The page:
Is the Honor Magic4 Pro a cinematographer’s dream?

After the fork from Huawei, Honor wanted to make a splash with its first flagship, the Magic3 Pro. One of the biggest features the company boasted about was the camera, which said it was good enough to shoot a proper movie. Armed with one, we’d all be turned into miniature Tom Cruises and shoot down TikToks like they were destined for the multiplex. Unfortunately, the phone never left its native China, but Honor uses the same pitch for its successor, the Magic4 Pro, which has arrived in Europe.

Honor certainly stood out with the spec list, which reads like the company threw the kitchen sink, then the kitchen, then the dining room onto the handset. The Pro model has a 50-megapixel primary camera paired with a secondary 50-megapixel ultra-wide camera with a 122-degree field of view. There’s also a 64-megapixel telephoto lens with 100x digital zoom and an 8×8 direct time-of-flight sensor for whip-fast focusing.

The cinematic suitability of the “IMAX-enhanced” phone goes even further: Honor enlisted the help of a professional colorist to develop specific color palettes for videos. Bryan McMahan has created a series of Look Up Tables (LUTs) for the phone that act like an Instagram filter for your video. These range from a sunny mode that makes your footage look like it was shot in the height of summer, and a gloomy mode that makes everything look like it went through a bleach pass. One of my favorites was Focus, which dims all colors down to skin tone, at least for my Caucasian limbs, making everything look like an 80’s music video.

But the phone’s real interest is its supposed ability to shoot in Log, which is the standard most Hollywood movies are shot in. Technically, it’s now a custom format – MagicLog – that Honor developed to work with mobile devices, but the point remains the same. Log is short for Logarithmic, and it’s a way of filming something that preserves as much dynamic range and tone as possible. It preserves high-contrast scenes, as well as shadows, highlights, and whites that a traditional digital camera may try to smooth out or simply fail to capture properly.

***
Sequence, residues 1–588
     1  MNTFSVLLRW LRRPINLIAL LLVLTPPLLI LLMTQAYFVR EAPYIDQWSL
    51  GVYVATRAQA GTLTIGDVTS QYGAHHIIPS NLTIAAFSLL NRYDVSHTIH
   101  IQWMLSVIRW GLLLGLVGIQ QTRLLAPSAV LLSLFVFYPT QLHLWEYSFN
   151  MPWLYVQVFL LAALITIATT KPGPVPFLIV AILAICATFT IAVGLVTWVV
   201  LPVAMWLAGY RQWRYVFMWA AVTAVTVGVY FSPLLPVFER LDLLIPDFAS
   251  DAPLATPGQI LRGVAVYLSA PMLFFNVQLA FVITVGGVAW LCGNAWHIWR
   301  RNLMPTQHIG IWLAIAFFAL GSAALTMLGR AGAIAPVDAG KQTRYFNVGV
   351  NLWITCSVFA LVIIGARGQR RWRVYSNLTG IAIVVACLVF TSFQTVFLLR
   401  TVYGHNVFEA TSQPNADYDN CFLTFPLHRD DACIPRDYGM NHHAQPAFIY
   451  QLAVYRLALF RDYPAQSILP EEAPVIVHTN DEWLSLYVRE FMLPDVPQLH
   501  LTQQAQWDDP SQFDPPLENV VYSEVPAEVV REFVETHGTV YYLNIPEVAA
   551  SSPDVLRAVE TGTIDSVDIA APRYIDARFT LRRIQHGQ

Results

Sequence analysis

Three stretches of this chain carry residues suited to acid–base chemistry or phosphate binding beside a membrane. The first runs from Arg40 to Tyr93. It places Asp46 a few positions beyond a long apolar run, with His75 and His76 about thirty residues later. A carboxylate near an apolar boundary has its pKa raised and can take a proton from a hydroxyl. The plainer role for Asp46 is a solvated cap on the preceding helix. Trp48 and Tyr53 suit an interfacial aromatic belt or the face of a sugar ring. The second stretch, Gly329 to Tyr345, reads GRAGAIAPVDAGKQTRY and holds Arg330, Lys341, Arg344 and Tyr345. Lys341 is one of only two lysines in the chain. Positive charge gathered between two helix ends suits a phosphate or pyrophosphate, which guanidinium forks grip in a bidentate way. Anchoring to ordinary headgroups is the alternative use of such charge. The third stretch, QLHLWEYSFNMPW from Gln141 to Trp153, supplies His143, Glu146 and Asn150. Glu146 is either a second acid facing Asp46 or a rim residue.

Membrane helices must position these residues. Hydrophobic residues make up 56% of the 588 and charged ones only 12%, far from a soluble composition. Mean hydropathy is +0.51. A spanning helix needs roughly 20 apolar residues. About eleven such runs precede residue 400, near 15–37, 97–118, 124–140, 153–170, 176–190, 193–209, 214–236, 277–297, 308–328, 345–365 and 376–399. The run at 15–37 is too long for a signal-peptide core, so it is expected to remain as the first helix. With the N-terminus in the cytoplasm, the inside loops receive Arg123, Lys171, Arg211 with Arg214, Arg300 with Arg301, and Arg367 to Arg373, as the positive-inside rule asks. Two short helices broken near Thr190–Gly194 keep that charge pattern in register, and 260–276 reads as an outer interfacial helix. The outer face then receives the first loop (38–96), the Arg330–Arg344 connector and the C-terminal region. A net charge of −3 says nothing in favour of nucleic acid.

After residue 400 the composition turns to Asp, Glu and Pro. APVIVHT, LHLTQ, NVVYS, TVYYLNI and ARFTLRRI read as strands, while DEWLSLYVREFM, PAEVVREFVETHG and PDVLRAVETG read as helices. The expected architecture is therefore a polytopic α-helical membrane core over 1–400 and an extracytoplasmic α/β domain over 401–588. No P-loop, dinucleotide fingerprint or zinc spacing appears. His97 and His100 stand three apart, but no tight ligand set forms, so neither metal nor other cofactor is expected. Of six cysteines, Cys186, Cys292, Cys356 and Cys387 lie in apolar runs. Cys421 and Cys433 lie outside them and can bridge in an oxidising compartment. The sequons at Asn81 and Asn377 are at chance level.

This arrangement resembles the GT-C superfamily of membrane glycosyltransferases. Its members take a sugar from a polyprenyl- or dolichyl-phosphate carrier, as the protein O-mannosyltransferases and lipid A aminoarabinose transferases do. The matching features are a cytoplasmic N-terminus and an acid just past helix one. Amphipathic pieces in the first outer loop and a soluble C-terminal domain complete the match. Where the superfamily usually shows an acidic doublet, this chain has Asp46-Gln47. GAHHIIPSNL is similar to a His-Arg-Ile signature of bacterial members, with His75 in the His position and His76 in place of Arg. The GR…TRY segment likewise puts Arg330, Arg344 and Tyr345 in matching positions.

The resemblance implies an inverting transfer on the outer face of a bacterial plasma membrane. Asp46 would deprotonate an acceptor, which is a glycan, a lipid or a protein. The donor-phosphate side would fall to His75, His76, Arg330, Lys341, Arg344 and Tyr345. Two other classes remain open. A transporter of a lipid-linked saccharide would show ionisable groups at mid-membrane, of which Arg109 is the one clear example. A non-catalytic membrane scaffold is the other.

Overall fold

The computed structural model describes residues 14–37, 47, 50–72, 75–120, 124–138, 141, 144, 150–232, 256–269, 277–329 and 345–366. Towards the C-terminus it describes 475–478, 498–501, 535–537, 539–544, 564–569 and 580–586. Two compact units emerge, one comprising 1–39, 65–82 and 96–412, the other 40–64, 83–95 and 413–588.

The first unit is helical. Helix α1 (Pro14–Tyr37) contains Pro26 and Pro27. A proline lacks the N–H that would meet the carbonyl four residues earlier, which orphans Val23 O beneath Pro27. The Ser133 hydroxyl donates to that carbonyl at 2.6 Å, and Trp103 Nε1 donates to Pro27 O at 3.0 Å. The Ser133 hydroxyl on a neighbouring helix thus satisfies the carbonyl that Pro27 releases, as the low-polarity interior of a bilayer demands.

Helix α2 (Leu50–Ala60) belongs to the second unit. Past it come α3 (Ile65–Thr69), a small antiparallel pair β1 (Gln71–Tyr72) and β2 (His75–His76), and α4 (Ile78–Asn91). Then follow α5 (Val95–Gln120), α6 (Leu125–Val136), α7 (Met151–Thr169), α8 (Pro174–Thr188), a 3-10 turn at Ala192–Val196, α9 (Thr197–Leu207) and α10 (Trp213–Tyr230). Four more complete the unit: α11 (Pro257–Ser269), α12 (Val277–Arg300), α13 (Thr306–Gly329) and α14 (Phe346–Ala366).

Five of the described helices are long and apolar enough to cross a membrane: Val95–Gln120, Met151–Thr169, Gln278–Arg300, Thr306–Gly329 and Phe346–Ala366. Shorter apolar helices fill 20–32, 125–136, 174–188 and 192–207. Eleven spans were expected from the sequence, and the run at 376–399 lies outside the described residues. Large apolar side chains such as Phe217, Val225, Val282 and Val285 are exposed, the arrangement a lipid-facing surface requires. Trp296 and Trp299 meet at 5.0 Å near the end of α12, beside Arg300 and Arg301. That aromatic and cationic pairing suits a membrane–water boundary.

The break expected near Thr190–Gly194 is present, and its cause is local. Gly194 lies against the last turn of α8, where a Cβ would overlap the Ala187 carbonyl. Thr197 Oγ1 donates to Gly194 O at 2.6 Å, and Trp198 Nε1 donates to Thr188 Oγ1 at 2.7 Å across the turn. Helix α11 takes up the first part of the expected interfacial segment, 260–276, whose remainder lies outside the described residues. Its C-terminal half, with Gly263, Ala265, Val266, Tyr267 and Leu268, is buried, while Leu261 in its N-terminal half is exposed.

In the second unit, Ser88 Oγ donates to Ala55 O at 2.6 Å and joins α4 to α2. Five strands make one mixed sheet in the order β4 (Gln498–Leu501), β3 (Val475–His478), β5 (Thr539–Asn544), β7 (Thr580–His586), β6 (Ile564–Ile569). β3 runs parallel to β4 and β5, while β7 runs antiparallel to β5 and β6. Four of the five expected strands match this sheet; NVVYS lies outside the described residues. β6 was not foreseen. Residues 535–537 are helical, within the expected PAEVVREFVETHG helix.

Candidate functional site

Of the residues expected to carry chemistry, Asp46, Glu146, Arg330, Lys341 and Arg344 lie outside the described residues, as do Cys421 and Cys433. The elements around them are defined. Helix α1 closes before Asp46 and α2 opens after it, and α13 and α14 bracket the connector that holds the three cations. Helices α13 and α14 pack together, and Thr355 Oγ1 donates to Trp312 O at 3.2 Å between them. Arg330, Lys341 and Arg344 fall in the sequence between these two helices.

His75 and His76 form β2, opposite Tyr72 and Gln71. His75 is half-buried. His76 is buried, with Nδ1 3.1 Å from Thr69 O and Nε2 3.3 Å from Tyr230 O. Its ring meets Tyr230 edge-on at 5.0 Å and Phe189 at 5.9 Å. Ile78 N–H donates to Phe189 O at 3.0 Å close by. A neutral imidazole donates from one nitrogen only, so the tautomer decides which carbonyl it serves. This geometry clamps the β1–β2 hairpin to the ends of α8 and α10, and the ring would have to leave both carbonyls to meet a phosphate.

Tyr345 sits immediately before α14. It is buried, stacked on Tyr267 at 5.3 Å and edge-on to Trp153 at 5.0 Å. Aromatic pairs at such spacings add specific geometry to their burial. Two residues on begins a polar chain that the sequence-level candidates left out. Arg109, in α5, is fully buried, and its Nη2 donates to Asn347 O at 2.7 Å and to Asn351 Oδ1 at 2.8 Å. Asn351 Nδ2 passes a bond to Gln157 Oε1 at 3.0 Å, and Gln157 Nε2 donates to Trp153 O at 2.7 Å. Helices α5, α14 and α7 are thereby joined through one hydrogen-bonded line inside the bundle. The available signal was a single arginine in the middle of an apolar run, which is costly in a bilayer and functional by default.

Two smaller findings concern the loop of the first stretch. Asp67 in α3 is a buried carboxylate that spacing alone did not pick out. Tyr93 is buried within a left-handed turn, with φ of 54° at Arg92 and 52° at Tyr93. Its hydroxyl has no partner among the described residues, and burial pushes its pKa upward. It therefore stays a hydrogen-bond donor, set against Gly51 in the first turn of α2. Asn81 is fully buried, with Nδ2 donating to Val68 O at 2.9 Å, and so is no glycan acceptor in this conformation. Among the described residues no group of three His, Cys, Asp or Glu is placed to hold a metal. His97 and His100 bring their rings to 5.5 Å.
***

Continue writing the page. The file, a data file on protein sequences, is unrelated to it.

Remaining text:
Unfortunately, it was far from easy – some of the takes I shot on camera for my piece were plagued by strobe lights. Which was odd as my LED lights weren’t supposed to flash and the camera only seemed to catch it every once in a while. The audio also leaves a lot to be desired and I had to record all of my audio through an external microphone. (Yes, this is common on most professional cameras, but the point here is that people are going to use this as a camera for their vacation videos, right?)

Being able to shoot log means you can also hand your footage over to a colorist and get perfect footage. In theory. The first test shots I took were very flat and it was difficult to get a lot of the detail and dynamic range that was supposed to be there. Well, I’m not a professional colorist, but my colleague, Engadget’s Steve Dent, is, so I sent him the phone and all my footage to let his trained eye run over it all.

He said there was a significant amount of clipping, meaning there is a lot of detail in the footage that cannot be accessed. This is probably a result of compression since MagicLog is designed to be mobile friendly after all. But it means my clips couldn’t get the good pops of color we were hoping for after the treatment. Not to mention that Honor doesn’t appear to offer a standalone LUT for editing software, meaning Steve couldn’t just run it through the standard model (which is tabletop play for other pro cameras).

Shooting with the Magic4 Pro is also difficult, Steve says, for a few other pretty important reasons. First, because it clips highlights, you need to expose them and not the shadows, which means some guesswork is required. Then there’s no easy way to tell if you’re shooting safe footage, as there’s no built-in display LUT to give you any idea of ​​what’s coming. There’s also no video level meter, so shooting in MagicLog involves a lot of hitting and hoping.

Now, that’s not to say Magic4 Pro is terrible, terrible, and a general waste of money – because it’s not. Recording in standard mode is easy enough and the results were good enough to use as a professional-quality video for Engadget. But fundamentally it feels like until Honor really wraps up the log offering with a display LUT, video level meter and making later color grading easier for non-pros, beginners shouldn’t play with it and expect good results.

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